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Russia/U.S.: Bush, Putin Formalize Nuclear Reduction Treaty, Say Ties Remain Strong

St. Petersburg, Russia; 2 June 2003 (RFE/RL) -- Russian President Vladimir Putin and U.S. President George W. Bush exchanged ratification documents yesterday on a treaty that calls for a two-thirds reduction of active nuclear weapons in their countries by the year 2012.

During their brief face-to-face meeting in St. Petersburg yesterday, the two also signed a formal protocol confirming the ratification of the Strategic Offensive Reduction Treaty (SORT). That development brings the treaty into immediate effect.

Bush and Putin had initialized the SORT treaty in May 2002. It has since been ratified by the legislatures of both countries. It calls for the active nuclear arsenals of Russia and the United States to be cut to between 1,700 and 2,200 warheads for each side during the next decade.

In their postsummit news conference, Bush and Putin both emphasized that the strategic partnership between the United States and Russia remains healthy despite recent disagreements over the U.S.-led invasion of Iraq and continued sparring over Russian nuclear cooperation with Iran.

Putin said bilateral ties were "stronger" than the events that had tested them. He pledged to cooperate with the United States in order to halt the spread of weapons of mass destruction.

Still, Putin defended Moscow's trade ties with Iran -- including cooperation in the construction of a nuclear-power station in southern Iran which Washington alleges is part of a secret nuclear-weapons program.

"As concerns Iran, and I spoke about this completely openly today, we are against using nuclear programs, or anything else, as an instrument of unfair competition against our companies on the Iranian market," Putin said.

Moscow's nuclear cooperation with Iran has threatened to become another major thorn in the U.S.-Russian relationship. Washington has increased its rhetoric against Iran since the end of the war in Iraq, accusing Tehran of harboring senior Al-Qaeda operatives as well as working to develop nuclear weapons.

The International Atomic Energy Agency (IAEA) is due to issue a formal report on Iran's nuclear activities at a two-day meeting in Vienna in two weeks (16-17 June). That report is expected to address whether Iran has violated its obligations under the Nuclear Non-Proliferation Treaty.

Moscow recently urged the Bush administration to wait for the IAEA report before reaching any hasty conclusions about Iran's nuclear program.

None of those differences were publicly aired yesterday, as the Russian and U.S. presidents appeared at their postsummit press conference to try to outdo each other in the role of gracious host and guest.

But Bush told reporters the issue of Russian cooperation in Iran's nuclear sector had been discussed. Bush said he welcomed Putin's forthcoming attitude. "I appreciate Vladimir Putin's understanding of the issue and his willingness to work with me and others to solve this potential problem," Bush said.

Putin told a skeptical audience that the recent difficulties in bilateral relations, especially over Iraq, had actually served to make Russian-American relations stronger and friendlier. "Strange as it may seem, I also believe that despite all the problems during our work on Iraq, we managed not only to preserve our personal relations but also to improve the instruments of our cooperation," he said.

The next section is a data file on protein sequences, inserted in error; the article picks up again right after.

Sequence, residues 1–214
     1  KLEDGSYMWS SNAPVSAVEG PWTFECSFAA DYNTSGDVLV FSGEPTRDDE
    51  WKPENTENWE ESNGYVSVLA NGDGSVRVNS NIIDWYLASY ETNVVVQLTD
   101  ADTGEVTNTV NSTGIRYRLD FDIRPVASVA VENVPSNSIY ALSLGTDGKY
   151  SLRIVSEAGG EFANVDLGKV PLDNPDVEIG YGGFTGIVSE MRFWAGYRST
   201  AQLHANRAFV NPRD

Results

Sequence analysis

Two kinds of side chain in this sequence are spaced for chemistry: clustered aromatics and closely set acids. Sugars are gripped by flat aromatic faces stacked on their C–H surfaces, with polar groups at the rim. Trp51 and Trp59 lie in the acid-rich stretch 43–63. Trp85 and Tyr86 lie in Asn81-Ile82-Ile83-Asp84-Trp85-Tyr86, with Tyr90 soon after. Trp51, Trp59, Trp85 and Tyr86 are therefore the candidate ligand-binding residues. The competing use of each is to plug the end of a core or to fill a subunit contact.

The two presidents agreed to expand bilateral communication channels at all levels of government and to continue pooling their efforts against international terrorism.

Bush, in what appeared to be a reference to recent deadly bombings in Russia's separatist Chechen Republic, said both the United States and Russia share similar concerns about terrorism because both had experienced terrorism on their territories.

Bush thanked Russia for its recent support of a United Nations resolution that lifted economic sanctions against Iraq. He also thanked Putin for Russia's help in bringing back U.S. astronauts from the International Space Station after the crash of the U.S. space shuttle Columbia left them stranded onboard the orbiting space station.

Bush also reiterated promises to help Russia gain entry into the World Trade Organization and said he would continue to lobby the U.S.Congress to repeal the 1973 Jackson-Vanik amendment -- a law from the Cold War era that links Russia's trade privileges to its policies on Jewish emigration.

Those promises, as noted, have been made before. Many in Russia have expressed frustration at the lack of progress on those two issues.But with both leaders keen to give the impression that all is well in U.S.-Russian relations following the Iraq war, the emphasis at today's summit was definitely on positive developments.

Russian Foreign Minister Igor Ivanov -- speaking after President Bush left St. Petersburg yesterday for a summit of Group of Eight leading industrial nations in Evian, France -- said the talks between Putin and Bush have confirmed that relations between Russia and the United States remain on a friendly footing.

"A cardinal question for Russian-American relations, having undergone a time of trial during the Iraq crisis, was: 'Will we continue working together or will each side go their separate way?' It is very important that the meetings which just took place between the presidents of the United States and Russia convincingly confirmed that there is no alternative to Russia and America working together," Ivanov said.

In another sign of improved relations in the post-Saddam Hussein era, Bush has invited Putin to join him for a round of talks at Camp David, near Washington, in September of this year.